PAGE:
Volunteer to screen teens for heart condition

  • Roosevelt Jones

    Roosevelt Jones

  • Zamarri Doby

    Zamarri Doby

Published1/19/2009 12:16 AM

When the old year ended, did you say to yourself (after "good riddance!"), "I wish I'd found more time to volunteer last year?"

If so - and even if not - here's a great opportunity to volunteer in a way that doesn't come along often.


I think volunteers want a specific time and place to show up, with enough notice to get it on their calendar. They want to make a difference, but they want to know when they will be finished.

If it's a finite number of times they have to be there, that's good, too - with the possibility of adding more sessions if desired. Flexibility is nice, as is a chance to spend time with both the people you're volunteering to help and other volunteers.

This opportunity has all that - and it's a chance to be part of the most important component of a huge undertaking to help save the lives of young people.

Without you, Indian Prairie Unit District 204 wouldn't be able to finally offer heart screenings to its 8,500 high school students. Volunteers are the key to be able to screen that many kids - nearly half as many as Midwest Heart Community Foundation has screened since 2006 - in just six days.

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What they're looking for is hypertrophic cardiomyopathy, a genetic abnormality that affects approximately 1 in 500 people. According to a district news release, HCM is the most common cause of sudden death in young adults.

HCM has claimed the lives of several students in our area, including three District 204 students: Zamarri Doby, a Waubonsie Valley junior in 2008; Roosevelt Jones III, a Neuqua Valley senior in 2004; and Signe Jenkins, a Waubonsie Valley senior in 1984.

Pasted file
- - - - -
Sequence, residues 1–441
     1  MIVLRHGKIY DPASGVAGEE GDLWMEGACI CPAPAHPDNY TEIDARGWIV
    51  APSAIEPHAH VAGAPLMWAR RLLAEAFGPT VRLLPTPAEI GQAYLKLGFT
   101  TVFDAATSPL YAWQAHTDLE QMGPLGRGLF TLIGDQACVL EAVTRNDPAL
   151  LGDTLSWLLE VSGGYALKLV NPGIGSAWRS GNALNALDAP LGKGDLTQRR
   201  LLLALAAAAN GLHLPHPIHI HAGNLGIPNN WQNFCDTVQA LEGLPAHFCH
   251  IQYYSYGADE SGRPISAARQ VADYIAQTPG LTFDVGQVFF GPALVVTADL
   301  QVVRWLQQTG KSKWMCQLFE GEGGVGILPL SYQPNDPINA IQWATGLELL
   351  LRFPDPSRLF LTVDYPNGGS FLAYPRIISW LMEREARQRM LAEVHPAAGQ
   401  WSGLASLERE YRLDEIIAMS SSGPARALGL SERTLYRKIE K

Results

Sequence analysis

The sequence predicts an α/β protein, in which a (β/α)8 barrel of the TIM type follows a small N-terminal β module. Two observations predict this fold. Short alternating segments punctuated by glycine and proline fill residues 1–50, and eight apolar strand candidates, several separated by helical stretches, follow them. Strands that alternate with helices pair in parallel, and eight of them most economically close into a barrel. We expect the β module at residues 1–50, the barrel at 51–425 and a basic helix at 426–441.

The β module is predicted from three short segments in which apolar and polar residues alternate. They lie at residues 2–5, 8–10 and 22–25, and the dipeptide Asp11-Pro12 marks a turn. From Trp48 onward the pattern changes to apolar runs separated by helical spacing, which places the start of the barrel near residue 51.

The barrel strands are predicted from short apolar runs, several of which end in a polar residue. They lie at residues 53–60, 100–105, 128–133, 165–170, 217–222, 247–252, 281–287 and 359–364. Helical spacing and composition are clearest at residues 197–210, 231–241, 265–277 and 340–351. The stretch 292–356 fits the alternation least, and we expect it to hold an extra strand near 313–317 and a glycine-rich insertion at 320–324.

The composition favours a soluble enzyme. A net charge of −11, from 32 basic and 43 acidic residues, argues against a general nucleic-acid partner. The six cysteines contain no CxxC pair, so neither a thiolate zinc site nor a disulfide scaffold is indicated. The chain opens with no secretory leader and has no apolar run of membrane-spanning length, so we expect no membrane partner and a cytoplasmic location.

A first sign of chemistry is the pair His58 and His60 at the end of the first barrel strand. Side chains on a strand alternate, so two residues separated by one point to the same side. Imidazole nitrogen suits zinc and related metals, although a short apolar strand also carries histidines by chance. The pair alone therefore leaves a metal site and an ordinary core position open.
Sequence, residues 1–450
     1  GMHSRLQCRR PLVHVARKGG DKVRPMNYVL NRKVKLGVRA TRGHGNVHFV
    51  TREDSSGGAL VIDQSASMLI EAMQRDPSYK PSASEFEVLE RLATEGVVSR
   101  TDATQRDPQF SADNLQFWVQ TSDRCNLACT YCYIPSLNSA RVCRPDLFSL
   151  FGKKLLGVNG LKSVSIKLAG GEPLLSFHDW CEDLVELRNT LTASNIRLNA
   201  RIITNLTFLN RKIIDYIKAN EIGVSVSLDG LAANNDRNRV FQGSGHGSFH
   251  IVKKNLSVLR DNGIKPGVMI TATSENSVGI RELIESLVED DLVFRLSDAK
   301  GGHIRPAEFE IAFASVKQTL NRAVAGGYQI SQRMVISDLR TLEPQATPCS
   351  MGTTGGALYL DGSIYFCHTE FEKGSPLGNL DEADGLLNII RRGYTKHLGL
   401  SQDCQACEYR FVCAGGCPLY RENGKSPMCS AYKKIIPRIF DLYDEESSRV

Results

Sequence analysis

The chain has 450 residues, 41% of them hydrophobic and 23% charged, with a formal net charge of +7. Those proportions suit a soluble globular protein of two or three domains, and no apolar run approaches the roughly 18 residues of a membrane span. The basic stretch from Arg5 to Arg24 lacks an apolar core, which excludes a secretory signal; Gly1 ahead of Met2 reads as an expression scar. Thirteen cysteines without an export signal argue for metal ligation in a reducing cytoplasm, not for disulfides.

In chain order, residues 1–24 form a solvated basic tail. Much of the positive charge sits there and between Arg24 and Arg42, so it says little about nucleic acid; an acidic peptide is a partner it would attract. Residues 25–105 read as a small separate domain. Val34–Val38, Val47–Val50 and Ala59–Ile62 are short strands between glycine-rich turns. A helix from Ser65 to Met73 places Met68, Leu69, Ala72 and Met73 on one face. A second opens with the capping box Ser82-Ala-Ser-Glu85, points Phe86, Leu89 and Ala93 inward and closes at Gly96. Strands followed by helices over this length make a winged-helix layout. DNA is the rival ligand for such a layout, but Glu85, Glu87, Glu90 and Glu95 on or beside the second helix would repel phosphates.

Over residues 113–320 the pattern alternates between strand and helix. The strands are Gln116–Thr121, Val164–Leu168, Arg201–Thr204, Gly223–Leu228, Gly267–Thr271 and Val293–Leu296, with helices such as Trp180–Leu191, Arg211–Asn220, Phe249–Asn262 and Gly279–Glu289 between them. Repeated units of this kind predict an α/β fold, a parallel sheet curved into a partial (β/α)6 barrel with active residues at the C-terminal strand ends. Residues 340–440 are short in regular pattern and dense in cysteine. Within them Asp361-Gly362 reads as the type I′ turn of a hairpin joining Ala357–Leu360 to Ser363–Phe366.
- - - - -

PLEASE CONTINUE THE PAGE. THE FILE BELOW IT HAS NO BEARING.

Midwest Heart's Young Hearts for Life Cardiac Screening uses electrocardiograms, which detect certain impulse patterns or "markers" associated with HCM that a stethoscope cannot.

The program is free to students and completely voluntary. The idea is that after a three-minute electrocardiogram (EKG), students at risk for sudden cardiac death - and other undiagnosed heart problems - can be identified.


Any student who has an abnormal EKG (cardiologists will read the EKGs immediately on-site) will be referred for further testing. Experts caution to expect a false positive rate of anywhere from 2 to 20 percent.

Edward Hospital and the Indian Prairie Educational Foundation are helping to provide the mind-boggling program, though the foundation invites local businesses to offer support as well. Heart specialists volunteer their time. Nearly 300 community volunteers will be needed to donate theirs as well.

In a 90-minute training session (to be offered at several times days before each screening) volunteers will be taught all they need to know to help. Then, if you never want to help again, that's fine. If you do, you're already trained and can volunteer at future screenings.

Local screenings will be offered March 19 and 20 at Waubonsie Valley's main campus and April 9 at Waubonsie's freshman campus as well as April 16 and 17 at Neuqua Valley's main campus and May 1 at Neuqua's freshman building.